“The data collected by the GISE Report, deriving from the activity of 93% of the centers across the country, allow us to take a very accurate picture of interventional cardiology in Italy – observes Francesco Saia, president of GISE. The results show for example that 88% of the centers offer the service 24 hours a day, 7 days a week: a figure that confirms the widespread distribution throughout the national territory of an essential infrastructure for the timely treatment of acute myocardial infarction and other acute heart diseases, for which the effectiveness of the treatment is strictly time-dependent. However, some remain critical issuesbecause, for example, although imaging and functional study technologies are growing, only 20% of angioplasty procedures overall are guided by these methods, which are much underused compared to the average of European countries such as Germany, France, Spain, Holland and BENELUX The reasons are above all the economic constraints for acquiring the necessary tools and the absence of coding or tracking of these techniques, which, like GISE, we would like to spread more throughout the country”.

The importance of measuring outcomes

“Interventional cardiology represents one of the areas in which the technological innovation process is fastest. For this reason – observes Marco Marchetti, HTA manager at AGENAS – fast access of these devices can only be linked to a rigorous and scientific HT evaluation processA. In this regard, starting from January 2026, HTA evaluation activities will begin at European level (Joint Clinical Assessment) which also sees our country involved”.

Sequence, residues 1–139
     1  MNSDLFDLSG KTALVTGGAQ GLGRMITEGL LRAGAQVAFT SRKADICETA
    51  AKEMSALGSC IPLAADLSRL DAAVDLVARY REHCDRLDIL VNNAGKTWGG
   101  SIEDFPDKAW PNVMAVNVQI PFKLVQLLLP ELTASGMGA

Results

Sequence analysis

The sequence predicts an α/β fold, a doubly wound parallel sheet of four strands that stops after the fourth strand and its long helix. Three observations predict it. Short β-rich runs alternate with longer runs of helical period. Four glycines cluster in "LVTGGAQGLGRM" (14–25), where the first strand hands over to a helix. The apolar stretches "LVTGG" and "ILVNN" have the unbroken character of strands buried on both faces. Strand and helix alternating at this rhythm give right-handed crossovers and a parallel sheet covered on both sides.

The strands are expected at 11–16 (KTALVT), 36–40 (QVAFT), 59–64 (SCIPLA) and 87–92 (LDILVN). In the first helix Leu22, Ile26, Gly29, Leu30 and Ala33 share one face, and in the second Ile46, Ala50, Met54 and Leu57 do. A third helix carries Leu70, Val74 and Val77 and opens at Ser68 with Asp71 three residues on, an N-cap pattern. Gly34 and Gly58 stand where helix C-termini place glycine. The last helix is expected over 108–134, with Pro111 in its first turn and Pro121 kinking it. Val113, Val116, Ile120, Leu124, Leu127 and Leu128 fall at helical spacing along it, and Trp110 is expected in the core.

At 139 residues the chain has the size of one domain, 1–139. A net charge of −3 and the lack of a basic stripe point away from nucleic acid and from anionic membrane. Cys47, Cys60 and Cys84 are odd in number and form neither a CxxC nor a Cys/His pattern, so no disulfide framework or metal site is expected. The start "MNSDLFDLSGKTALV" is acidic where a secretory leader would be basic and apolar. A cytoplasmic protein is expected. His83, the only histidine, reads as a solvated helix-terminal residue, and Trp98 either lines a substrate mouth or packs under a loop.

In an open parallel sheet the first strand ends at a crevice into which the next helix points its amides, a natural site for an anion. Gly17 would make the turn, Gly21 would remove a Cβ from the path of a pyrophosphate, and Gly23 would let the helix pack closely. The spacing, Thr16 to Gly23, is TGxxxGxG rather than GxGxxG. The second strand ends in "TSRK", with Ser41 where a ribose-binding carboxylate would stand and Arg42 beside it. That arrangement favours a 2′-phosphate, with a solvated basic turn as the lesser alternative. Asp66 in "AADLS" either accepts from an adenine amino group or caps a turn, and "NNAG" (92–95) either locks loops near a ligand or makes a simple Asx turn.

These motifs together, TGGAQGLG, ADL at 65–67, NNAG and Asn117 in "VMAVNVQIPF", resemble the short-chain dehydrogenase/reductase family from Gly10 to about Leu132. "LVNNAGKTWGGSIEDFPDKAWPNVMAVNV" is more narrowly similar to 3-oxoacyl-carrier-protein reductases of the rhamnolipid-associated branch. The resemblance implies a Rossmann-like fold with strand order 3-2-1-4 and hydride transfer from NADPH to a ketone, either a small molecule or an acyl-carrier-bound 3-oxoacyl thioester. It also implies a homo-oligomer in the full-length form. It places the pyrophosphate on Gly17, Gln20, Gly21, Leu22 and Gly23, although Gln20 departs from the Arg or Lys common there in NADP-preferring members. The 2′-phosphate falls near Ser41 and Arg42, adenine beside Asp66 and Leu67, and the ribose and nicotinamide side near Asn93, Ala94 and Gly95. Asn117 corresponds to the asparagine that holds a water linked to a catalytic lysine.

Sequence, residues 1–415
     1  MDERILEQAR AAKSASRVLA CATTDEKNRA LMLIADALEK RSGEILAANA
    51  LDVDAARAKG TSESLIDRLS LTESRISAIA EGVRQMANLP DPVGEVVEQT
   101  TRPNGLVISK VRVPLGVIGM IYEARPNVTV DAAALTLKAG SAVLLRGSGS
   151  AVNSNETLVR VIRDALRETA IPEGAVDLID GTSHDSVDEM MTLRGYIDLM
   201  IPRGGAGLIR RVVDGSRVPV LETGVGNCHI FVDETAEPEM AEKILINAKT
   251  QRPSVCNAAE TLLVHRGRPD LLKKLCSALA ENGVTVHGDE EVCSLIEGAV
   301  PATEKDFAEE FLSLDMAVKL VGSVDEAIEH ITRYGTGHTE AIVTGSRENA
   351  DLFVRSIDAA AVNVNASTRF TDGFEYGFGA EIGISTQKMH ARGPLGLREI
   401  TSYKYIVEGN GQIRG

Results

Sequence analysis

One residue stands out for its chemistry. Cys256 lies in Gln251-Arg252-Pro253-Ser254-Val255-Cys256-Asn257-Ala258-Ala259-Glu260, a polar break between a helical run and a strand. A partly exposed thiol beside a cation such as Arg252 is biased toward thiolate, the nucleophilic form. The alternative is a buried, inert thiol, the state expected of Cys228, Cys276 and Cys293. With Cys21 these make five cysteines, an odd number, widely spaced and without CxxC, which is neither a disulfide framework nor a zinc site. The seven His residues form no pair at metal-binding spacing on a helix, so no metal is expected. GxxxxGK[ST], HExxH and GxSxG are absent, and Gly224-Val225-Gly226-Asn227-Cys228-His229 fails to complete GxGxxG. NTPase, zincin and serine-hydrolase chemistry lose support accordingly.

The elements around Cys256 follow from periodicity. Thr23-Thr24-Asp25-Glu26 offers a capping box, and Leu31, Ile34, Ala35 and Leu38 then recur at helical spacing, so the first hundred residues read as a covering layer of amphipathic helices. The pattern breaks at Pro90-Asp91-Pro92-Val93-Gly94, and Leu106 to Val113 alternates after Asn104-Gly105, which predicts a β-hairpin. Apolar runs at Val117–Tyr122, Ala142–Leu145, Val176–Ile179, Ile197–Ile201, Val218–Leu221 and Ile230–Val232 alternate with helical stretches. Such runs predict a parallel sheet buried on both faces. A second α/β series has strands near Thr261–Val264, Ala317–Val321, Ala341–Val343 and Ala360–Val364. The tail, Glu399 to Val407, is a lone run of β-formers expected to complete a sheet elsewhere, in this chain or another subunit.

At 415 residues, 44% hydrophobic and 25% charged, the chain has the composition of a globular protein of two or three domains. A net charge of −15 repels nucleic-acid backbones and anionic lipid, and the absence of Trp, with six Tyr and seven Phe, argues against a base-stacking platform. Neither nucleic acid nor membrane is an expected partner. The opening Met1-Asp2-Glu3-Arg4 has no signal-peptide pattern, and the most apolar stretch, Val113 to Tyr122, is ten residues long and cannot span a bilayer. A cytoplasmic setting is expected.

Integrating the current panel of indicators in the cardiovascular field with additional clinical outcome indicators and with indicators that allow the identification of the main critical success factors is fundamental.
“For example, we propose to take into account not the single episode of hospitalization but the wholethe entire flow of care, considering among other elements the complications or rehospitalizations due to recurrence of symptoms – concludes Saia –. Or, again, we propose to insert indicators that evaluate organizational and process aspects to identify critical issues with an impact on clinical outcomes, such as the methods of taking charge and discharge according to PDTA, and to use indicators on the use of technologies to evaluate the contribution on the outcomes. All this will make it possible to move increasingly towards a therapy of value, centered on the patient and which facilitates the introduction of innovative technologies, discouraging the use of obsolete ones which are no longer adequate to the standards of effectiveness, safety and cost-effectiveness. The sustainability and resilience of the healthcare system inevitably depends on ability to correctly program resourcesguarantee the use of technologies that allow not only the improvement of clinical outcomes but also to respond to the needs of the system as a whole: correct detection of process, organizational and outcome indicators will be fundamental for the planning of activities and evaluation multidisciplinary approach to technologies that increase the capacity of the system and which will be fundamental for overcoming the health challenges of today and tomorrow”.